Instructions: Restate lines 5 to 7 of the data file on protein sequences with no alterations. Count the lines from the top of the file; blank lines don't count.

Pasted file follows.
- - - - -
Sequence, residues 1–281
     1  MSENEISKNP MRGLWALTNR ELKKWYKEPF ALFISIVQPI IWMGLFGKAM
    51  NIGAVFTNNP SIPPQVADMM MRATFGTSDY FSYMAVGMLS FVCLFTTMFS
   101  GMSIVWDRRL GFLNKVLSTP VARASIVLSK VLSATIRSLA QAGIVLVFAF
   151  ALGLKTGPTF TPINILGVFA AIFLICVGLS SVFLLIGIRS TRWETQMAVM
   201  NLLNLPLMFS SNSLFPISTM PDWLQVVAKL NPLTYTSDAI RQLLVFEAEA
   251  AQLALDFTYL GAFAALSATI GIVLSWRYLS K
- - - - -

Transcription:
   151  ALGLKTGPTF TPINILGVFA AIFLICVGLS SVFLLIGIRS TRWETQMAVM
   201  NLLNLPLMFS SNSLFPISTM PDWLQVVAKL NPLTYTSDAI RQLLVFEAEA
   251  AQLALDFTYL GAFAALSATI GIVLSWRYLS K